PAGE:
The standard SAW gunner's load comes in at around 40 pounds, Army officials say, which includes the weapon itself and 600 rounds of ammo. The experimental machine gun with cased telescoped ammo load comes in at 24 pounds.

The new cased telescope-firing SAW looks almost the same on the outside as its M-249 counterpart but uses a rotating action and a novel feed system that fires a standard 5.56mm ball projectile and ejects the plastic case and link from its own port.

"One of the other things we've completely avoided in this system is the failure to feed and failure to eject," Phillips added. "In your SAW system, that's where you primarily have failures and malfunctions."

The M-4 variant of the cased telescope rifle has a so-called "rising chamber" action that's fed ammo from the rear -- what JSSAP engineers jokingly call a "fauxpup" after the so-called "bullpup" operating systems popular with European small arms. It looks similar to a standard M-4, but the operating system actually gives the experimental rifle an extra four inches of barrel length, Phillips said.

While the cased telescoped ammo is almost ready for prime time, the more exotic caseless rounds still need some work, Phillips explained. Testers are having problems keeping the rounds -- which are essentially hard, molded propellant with an embedded 5.56 mm bullet -- from degrading in high heat. They're also expensive, hard to make, and tough on the shooter.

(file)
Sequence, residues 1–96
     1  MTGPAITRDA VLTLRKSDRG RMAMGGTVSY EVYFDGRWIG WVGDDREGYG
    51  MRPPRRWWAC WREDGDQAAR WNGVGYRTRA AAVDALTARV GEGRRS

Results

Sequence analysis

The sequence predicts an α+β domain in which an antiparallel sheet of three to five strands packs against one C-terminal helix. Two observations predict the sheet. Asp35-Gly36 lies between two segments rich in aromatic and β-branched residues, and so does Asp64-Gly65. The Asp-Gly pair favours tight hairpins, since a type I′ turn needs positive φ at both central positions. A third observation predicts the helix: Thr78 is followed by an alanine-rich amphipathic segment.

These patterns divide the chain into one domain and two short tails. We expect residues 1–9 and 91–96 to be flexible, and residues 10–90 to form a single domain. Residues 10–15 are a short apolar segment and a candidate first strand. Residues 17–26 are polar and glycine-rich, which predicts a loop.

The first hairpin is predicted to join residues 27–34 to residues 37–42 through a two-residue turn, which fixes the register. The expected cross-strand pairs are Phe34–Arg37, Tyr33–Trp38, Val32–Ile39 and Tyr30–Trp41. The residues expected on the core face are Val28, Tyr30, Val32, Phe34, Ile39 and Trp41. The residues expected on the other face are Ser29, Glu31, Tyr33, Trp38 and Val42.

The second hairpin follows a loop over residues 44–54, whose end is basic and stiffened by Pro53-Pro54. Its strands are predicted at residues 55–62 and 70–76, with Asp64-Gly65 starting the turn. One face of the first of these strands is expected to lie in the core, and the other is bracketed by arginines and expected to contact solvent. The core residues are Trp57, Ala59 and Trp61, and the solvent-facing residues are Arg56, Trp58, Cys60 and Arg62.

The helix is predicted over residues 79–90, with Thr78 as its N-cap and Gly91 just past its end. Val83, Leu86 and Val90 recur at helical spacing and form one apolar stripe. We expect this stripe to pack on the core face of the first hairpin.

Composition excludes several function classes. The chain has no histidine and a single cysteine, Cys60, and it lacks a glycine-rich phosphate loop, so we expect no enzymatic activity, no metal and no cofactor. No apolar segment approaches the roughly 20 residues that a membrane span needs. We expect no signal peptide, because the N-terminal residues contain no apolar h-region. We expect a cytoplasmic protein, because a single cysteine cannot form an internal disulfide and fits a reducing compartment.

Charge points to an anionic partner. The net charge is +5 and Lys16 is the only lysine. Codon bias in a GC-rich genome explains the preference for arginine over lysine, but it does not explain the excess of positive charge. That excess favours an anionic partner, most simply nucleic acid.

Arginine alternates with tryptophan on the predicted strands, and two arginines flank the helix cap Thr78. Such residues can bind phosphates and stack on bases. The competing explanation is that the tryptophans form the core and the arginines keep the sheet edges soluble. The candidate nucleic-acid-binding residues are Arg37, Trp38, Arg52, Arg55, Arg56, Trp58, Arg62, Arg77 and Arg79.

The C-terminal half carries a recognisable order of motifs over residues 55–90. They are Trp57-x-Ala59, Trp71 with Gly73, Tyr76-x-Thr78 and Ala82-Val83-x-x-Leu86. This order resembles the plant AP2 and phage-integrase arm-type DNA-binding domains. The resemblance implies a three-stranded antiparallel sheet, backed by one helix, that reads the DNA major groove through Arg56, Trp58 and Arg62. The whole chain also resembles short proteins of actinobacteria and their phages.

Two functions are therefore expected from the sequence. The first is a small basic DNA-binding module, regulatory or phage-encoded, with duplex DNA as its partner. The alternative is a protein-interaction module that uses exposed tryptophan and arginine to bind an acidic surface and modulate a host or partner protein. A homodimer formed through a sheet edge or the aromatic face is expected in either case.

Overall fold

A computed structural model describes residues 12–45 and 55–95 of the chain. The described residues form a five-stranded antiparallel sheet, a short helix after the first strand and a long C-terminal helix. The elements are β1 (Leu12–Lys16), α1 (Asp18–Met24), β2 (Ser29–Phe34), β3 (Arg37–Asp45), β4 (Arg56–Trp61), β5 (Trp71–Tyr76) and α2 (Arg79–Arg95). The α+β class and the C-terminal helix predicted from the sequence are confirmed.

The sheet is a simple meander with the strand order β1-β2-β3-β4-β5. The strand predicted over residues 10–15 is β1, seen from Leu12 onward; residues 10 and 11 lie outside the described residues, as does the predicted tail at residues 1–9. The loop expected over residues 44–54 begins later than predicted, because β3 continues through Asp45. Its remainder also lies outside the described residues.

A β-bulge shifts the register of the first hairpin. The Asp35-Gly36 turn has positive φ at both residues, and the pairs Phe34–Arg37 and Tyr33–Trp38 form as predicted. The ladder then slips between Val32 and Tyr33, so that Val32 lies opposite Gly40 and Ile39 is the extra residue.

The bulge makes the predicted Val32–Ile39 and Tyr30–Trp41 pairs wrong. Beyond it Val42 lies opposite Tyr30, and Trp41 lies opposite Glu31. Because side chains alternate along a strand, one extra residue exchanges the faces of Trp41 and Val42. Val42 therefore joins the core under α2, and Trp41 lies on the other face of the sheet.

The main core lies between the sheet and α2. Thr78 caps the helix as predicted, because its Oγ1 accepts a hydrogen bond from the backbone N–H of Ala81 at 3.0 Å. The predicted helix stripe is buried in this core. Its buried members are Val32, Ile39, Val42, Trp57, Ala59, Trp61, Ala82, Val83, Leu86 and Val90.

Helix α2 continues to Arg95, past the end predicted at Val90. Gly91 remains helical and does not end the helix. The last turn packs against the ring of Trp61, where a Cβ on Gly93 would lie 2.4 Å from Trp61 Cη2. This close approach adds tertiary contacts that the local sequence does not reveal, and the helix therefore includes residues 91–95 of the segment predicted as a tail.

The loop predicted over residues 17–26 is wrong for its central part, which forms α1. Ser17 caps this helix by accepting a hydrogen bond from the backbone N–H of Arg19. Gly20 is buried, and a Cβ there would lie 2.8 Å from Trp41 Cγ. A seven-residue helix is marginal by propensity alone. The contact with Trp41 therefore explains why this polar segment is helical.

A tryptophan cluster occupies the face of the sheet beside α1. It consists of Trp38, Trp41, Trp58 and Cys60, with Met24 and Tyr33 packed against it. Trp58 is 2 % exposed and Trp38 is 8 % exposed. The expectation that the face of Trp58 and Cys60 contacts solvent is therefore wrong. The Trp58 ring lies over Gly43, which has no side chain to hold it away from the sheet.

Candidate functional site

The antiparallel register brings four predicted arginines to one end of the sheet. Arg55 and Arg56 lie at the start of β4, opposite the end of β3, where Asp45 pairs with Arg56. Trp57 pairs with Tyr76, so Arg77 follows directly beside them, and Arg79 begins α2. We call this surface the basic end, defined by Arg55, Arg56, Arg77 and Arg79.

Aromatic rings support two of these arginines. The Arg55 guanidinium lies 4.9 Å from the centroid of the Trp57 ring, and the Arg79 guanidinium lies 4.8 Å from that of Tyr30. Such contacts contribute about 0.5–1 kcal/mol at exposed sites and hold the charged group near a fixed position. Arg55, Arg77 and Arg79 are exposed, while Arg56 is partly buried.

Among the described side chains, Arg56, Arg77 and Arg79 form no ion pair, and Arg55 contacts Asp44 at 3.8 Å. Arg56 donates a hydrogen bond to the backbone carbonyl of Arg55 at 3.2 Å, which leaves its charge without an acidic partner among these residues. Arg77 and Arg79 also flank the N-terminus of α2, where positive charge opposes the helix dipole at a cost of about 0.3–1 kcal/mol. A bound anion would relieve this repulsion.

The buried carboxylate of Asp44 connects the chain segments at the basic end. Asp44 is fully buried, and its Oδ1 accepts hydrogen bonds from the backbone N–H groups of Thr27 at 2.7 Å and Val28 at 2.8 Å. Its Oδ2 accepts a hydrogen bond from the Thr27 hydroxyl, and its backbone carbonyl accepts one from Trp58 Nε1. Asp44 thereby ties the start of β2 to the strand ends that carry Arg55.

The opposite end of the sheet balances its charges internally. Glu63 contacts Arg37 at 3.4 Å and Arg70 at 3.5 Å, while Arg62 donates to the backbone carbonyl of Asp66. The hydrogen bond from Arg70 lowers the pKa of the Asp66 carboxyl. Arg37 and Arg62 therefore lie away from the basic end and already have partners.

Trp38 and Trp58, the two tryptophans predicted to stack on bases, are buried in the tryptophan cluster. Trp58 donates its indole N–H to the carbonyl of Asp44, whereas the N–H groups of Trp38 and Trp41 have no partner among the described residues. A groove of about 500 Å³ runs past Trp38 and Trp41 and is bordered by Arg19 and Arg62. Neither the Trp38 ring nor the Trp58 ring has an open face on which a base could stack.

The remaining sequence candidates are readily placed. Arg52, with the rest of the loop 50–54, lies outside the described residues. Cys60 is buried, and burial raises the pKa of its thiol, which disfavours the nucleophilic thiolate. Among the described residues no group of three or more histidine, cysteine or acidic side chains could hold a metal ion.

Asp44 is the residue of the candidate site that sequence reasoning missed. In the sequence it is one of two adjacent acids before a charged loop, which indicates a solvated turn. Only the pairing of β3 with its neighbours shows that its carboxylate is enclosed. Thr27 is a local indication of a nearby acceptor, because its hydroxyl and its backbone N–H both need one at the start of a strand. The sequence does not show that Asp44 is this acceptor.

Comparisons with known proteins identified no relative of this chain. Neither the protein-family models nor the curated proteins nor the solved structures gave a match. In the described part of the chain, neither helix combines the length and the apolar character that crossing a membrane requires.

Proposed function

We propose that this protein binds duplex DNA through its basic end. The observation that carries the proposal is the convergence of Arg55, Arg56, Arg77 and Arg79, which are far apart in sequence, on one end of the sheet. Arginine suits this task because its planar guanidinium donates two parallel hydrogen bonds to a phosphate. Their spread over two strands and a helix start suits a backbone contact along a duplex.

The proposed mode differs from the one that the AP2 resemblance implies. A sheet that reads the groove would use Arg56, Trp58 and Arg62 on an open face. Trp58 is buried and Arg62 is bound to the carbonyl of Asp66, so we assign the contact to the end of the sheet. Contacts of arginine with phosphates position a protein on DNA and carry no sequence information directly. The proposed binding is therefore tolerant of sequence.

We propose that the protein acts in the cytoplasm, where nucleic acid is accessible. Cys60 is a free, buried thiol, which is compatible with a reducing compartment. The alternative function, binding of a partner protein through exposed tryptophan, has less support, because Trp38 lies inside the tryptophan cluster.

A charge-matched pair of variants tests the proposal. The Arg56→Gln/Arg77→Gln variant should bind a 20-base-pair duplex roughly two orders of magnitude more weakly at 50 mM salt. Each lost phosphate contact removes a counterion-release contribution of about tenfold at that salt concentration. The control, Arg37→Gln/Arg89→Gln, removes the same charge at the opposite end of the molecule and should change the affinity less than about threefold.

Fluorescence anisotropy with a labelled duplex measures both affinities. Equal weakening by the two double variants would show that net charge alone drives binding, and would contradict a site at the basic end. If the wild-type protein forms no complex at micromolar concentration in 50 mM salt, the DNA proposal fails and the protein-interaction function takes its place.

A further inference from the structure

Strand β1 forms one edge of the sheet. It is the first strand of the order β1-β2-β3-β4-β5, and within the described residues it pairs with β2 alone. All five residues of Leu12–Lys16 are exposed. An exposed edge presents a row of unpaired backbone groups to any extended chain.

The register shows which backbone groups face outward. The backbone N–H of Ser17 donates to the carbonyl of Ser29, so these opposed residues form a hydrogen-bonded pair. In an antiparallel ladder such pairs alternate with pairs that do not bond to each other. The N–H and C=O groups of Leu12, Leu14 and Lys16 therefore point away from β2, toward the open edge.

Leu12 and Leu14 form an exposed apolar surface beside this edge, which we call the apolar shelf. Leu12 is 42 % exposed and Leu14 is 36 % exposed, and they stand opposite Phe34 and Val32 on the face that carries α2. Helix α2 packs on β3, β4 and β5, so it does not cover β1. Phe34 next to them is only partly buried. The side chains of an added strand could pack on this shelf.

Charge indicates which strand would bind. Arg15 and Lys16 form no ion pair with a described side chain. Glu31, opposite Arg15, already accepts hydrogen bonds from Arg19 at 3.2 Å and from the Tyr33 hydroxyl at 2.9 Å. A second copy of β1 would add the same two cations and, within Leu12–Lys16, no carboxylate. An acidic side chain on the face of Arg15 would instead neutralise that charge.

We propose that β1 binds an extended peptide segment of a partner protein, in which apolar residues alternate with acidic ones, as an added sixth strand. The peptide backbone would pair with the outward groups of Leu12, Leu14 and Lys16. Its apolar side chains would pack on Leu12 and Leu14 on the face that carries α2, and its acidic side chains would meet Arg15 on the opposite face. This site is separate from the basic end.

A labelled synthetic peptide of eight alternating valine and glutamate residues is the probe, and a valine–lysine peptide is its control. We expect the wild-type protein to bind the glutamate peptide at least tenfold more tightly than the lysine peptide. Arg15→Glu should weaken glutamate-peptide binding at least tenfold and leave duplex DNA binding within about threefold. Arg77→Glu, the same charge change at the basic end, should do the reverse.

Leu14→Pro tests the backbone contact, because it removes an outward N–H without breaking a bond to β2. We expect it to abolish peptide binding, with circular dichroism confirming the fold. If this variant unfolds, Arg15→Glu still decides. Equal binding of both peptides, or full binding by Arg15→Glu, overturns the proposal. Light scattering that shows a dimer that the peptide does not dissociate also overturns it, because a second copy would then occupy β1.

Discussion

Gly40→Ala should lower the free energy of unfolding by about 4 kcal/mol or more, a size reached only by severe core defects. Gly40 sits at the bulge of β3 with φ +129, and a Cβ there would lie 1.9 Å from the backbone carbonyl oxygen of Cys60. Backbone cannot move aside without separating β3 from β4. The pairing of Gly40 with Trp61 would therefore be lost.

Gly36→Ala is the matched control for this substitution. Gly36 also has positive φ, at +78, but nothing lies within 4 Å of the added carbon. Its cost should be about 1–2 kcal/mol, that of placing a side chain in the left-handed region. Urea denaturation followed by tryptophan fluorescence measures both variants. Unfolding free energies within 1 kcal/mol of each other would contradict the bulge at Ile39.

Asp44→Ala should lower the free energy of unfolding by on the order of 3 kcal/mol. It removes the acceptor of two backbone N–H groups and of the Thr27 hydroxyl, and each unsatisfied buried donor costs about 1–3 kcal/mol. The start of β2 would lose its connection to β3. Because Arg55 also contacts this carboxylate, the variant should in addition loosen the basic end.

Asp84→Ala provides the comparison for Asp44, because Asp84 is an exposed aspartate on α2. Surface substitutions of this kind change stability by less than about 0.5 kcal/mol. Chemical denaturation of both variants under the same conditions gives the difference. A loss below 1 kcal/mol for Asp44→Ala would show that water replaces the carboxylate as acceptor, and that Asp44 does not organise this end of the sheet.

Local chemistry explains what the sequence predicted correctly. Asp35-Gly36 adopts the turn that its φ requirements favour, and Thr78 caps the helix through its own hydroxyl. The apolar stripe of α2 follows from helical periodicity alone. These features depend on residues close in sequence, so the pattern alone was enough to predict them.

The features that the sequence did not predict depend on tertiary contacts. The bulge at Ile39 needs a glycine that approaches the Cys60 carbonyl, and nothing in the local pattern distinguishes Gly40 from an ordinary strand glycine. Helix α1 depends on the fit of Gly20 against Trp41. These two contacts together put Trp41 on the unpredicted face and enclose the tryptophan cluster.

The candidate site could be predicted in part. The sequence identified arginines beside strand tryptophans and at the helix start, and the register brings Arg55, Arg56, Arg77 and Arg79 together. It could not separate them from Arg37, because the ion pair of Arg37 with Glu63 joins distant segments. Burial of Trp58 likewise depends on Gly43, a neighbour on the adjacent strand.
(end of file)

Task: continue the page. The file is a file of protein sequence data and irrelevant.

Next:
"We haven't had any volunteers to shoulder fire it," Phillips joked, adding her office hasn't gotten the approval to take it to the range. Excessive smoke, inexact timing and other uncertainties have kept the weapon attached to a bench.

"Nobody's knocking on my door asking to shoot it," she added.

Despite the immaturity -- and danger -- of the caseless technology, the Marine Corps is spearheading the research into the ammo because of its advantages in weight and size.

"It's a significantly smaller round of ammunition," Phillips said. "So from a Marine perspective, that's a big deal because of the way they travel."

The Reaper
07-23-2010, 10:34
Is this where your first post should be?

Have you read the board rules and stickies?

I would have expected that a journalist could read and follow simple instructions.

TR

Blitzzz (RIP)
07-29-2010, 19:49
When is Lighter necessarily
more effective?
"This delivers the same lethality as the systems you already have, but it's a lot more effective because it's much lighter," said Korene Phillips, lead engineer for the LSAT program, in an exclusive interview with Military.com."

blue02hd
07-30-2010, 04:49
If anyone has to introduce a new system in order to fire a new round, it is irresponsible to label it "Lightweight Ammo" . The reality is that it is BOTH a new platform and new ammunition combined. Chance of that getting off the ground? Zero. And I agree, lighter does not equal better.

I don't see this making very much traction what so ever, especially when you look at what happened to the SCAR.

Tango Uniform, you don't write for Rolling Stones do you?